Posts Tagged ‘advice’

Early Experience with GcMAF Therapy for Autism

Sunday, February 2nd, 2014

This is a very preliminary report about our first 15 patients who wished to administer a trial of GcMAF for their moderate-to-severely affected children, whose primary diagnosis was ASD.

Treatment utilizes a substance derived from a purified blood product, administered weekly by subcutaneous injection. It is supposed to help ‘heal’ the immune system. The background information was first described here.

Patient profiles:
♦ All of the children had a complete history, physical examination, laboratory testing, and various other interventions, and were under Dr. Udell’s care.
♦ All of the children were either on/ or had experience with conventional therapy (ABA, S&L, OT, PT), complementary and alternative therapies (‘DAN!’), and multiple medications; from Risperdal to Prozac (conventional), Namenda to Bumex (experimental), stimulant meds to anti-anxiety preparations.
♦ Patients were diagnosed by a pediatric neurologist, confirmed and documented at each Child Development Center visit.
♦ All the children had severe speech apraxia, with very little improvement from years of S&L therapy, prompting the parents to want further options.
♦ All of the children demonstrated various and persistent repetitive behaviors, sometimes quite disruptive and/or abusive (to self and/or others).
♦ All of the children experienced social isolation.
♦ All of the patients had elevated nagalase levels (>0.95) prior to therapy.
♦ Parents were made fully aware of: risks/benefits/other therapies/no therapy and wished to proceed.
♦ All the families kept in close contact with our staff and Medical Director.

Present protocol:
 The original explanation can be found here. With increasing experience, some variations have taken place, and a more conservative protocol has evolved:
• Families obtain the product from here, and are instructed to keep the vial in the freezer. • Small syringes are ordered from the local pharmacy.
• Most of the patients prepared syringes for 5 months, freezing them for storage and hand-warming prior to administration.
• Instead of weekly abdominal or arm ‘shots’, a narrow angle into the buttocks appears to be well-tolerated.
 In addition to routine laboratory investigations, vitamin D and cholesterol were addressed before initiating therapy, by testing and intervention as necessary.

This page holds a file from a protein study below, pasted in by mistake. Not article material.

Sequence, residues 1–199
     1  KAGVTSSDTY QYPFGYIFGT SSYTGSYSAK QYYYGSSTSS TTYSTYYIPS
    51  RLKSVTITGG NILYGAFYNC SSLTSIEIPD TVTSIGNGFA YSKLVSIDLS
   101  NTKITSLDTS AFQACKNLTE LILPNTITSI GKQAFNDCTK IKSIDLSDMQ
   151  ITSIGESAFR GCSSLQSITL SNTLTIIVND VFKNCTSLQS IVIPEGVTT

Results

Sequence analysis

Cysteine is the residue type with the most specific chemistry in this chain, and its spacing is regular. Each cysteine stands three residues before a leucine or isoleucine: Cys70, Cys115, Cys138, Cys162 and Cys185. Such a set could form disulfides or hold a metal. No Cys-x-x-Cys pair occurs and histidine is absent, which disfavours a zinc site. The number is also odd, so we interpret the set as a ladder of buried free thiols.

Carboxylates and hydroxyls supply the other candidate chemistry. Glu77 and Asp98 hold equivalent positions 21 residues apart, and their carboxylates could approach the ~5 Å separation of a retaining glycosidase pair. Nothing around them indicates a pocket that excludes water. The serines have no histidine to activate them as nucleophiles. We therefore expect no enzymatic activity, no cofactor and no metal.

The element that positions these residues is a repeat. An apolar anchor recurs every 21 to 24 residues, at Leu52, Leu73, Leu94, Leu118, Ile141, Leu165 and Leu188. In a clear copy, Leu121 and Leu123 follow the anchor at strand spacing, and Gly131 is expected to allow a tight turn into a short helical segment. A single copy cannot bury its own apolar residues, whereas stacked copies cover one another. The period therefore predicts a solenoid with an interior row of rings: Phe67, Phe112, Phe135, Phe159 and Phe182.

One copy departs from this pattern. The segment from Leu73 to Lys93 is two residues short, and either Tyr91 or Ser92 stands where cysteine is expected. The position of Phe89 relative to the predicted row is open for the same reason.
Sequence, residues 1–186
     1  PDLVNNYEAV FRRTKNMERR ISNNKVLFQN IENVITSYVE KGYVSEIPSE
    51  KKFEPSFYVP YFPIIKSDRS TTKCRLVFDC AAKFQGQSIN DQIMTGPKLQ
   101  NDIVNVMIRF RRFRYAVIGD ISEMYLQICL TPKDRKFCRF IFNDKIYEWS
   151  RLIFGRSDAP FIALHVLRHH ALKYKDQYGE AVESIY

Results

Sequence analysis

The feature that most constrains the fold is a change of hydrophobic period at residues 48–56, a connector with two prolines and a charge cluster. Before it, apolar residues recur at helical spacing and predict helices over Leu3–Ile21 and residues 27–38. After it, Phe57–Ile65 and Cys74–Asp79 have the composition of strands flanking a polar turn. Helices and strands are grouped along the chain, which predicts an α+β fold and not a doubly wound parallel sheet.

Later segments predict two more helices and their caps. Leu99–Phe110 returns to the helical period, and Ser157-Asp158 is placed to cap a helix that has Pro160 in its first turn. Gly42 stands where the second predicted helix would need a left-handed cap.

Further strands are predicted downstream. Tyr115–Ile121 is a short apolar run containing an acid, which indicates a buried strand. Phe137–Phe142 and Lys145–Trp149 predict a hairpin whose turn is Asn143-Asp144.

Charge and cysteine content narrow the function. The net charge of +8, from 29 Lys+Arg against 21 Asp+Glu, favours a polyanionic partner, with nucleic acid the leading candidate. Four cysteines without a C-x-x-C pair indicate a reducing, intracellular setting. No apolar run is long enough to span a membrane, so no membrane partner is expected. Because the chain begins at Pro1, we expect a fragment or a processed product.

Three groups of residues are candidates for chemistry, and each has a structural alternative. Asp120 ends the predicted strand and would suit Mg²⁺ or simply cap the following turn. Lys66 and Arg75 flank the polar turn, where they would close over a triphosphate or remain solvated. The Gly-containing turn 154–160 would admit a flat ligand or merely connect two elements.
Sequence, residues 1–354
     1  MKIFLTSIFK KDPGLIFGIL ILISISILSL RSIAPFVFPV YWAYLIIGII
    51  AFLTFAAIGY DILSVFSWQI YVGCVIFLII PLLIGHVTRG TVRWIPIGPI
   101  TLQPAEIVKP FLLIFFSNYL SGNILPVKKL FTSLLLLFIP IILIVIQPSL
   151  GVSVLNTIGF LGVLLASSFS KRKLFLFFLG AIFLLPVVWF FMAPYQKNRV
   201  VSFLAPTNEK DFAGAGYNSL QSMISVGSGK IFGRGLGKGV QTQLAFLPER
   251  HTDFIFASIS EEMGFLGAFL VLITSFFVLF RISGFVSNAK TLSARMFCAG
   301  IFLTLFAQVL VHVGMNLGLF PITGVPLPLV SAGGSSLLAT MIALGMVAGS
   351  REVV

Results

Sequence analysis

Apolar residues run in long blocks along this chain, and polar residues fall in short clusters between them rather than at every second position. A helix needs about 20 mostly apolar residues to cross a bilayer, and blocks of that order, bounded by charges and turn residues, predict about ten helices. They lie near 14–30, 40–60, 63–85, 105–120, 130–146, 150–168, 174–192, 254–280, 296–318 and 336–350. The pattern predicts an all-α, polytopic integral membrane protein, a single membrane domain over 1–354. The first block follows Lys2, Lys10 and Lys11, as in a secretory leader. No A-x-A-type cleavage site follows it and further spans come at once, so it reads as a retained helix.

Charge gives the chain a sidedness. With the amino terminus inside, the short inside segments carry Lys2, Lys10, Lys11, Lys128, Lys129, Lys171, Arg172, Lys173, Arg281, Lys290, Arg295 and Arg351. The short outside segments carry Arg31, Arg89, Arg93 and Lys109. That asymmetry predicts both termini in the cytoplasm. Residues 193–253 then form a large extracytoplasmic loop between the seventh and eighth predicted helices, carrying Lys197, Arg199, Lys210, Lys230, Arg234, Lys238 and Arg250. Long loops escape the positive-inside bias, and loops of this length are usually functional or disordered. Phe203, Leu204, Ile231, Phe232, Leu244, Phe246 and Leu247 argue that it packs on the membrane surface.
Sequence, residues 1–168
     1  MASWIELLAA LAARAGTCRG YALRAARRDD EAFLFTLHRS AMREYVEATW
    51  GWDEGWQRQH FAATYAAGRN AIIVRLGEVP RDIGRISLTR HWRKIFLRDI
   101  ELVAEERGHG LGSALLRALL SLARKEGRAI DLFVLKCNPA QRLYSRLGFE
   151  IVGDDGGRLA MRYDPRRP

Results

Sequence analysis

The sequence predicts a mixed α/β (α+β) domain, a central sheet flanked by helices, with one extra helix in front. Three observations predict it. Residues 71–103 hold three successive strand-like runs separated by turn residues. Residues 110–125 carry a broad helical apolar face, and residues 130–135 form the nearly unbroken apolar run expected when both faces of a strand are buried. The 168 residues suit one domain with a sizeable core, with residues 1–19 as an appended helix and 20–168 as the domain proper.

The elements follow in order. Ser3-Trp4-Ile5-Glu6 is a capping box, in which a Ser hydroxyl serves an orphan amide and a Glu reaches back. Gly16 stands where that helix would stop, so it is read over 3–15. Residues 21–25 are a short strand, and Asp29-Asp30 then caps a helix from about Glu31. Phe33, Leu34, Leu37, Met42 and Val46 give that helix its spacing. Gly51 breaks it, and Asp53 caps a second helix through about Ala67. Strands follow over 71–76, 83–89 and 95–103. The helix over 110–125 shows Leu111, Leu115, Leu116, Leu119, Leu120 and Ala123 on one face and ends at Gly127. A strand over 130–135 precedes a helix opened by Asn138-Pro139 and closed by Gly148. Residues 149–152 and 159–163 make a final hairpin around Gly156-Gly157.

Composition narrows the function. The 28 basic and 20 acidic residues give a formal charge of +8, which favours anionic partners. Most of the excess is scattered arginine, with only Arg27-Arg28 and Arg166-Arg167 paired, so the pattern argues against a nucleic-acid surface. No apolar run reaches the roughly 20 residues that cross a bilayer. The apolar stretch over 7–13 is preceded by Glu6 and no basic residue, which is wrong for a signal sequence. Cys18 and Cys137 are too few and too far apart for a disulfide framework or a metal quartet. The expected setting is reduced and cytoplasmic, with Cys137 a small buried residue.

The initial dose was tiny (0.02 cc) and increases were decided each week after discussion with our staff.
 Parents agreed to keep in close contact with the staff and give weekly reports about any changes.

Experience so far (1 – 8 months):
Older (> 5 years) seem to do better than younger children, as far as improvements in communication and behaviors.
In the first months, some patients have reported no change, others show dramatic improvements in signs and symptoms, and still others have exhibited very challenging disruptive behaviors that diminished with time.
 Most parents were satisfied enough to re-order the product without nagalase re-testing or even an observation period without GcMAF.
To date, improvements appear most dramatic in the preteen females.
√ Two younger males discontinued the treatment because of no effect.
√ No parent discontinued treatment due to negative effects.
Side effects included initial hyperactivity, rashes, mild fevers.
In many of our patients who were tested – and found to have elevated nagalase levels – the parents were satisfied enough with their present protocol of G-I optimization and mitochondrial support, and have not initiated this therapy, so far.

No definite assertions or conclusions can be made, from this limited trial, at this time.
I have been impressed, however, at the dramatic improvements that some of children have made. This includes speech acquisition and usage, cognitive function advances, and behavioral changes.
GcMAF does not work in every child, but the ones who do improve have experienced change that hasn’t been apparent in many years.
So far, safety is best assured by close contact with the parents so that weekly dosages can be altered and other interventions, such as yeast treatment, can be provided.
Costs are kept to a minimum because families order and obtain the supplement directly from the manufacturer.

A more detailed report will be submitted to various appropriate venues for review and publication. Hopefully, someone will take notice and perform a more rigorous evaluation. Parents of affected children simply can’t wait for this information, if the treatment is safe enough, not too costly, and reasonable to administer. After all, medications that are approved for behavior control are expensive, as well. Furthermore, at their best, traditional pharmaceuticals possibly diminish aggression and hyperactivity, but don’t improve neurologic function.

As in all medical conditions, if you are considering GcMAF therapy for your child with moderate-to-severe ASD, you should seek advice and treatment only from a trusted professional who has examined, and is closely following, the patient.

Book Review – Ido in Autismland

Saturday, January 18th, 2014

Because autism is such a mystery, reading about it from the first-person point of view can be extremely instructive. That is why the story, Ido in Autismland, is so important to this medical professional.

There are similar recent books and videos, authored by affected individuals who convey their thoughts and feelings, so that neuro-typical readers may better appreciate underlying difficulties that lead to their unusual behaviors. What makes this different are the insights provided by penetrating and descriptive prose that transports the reader into Ido’s conflicted mind. It’s like The Reason I Jump on steroids.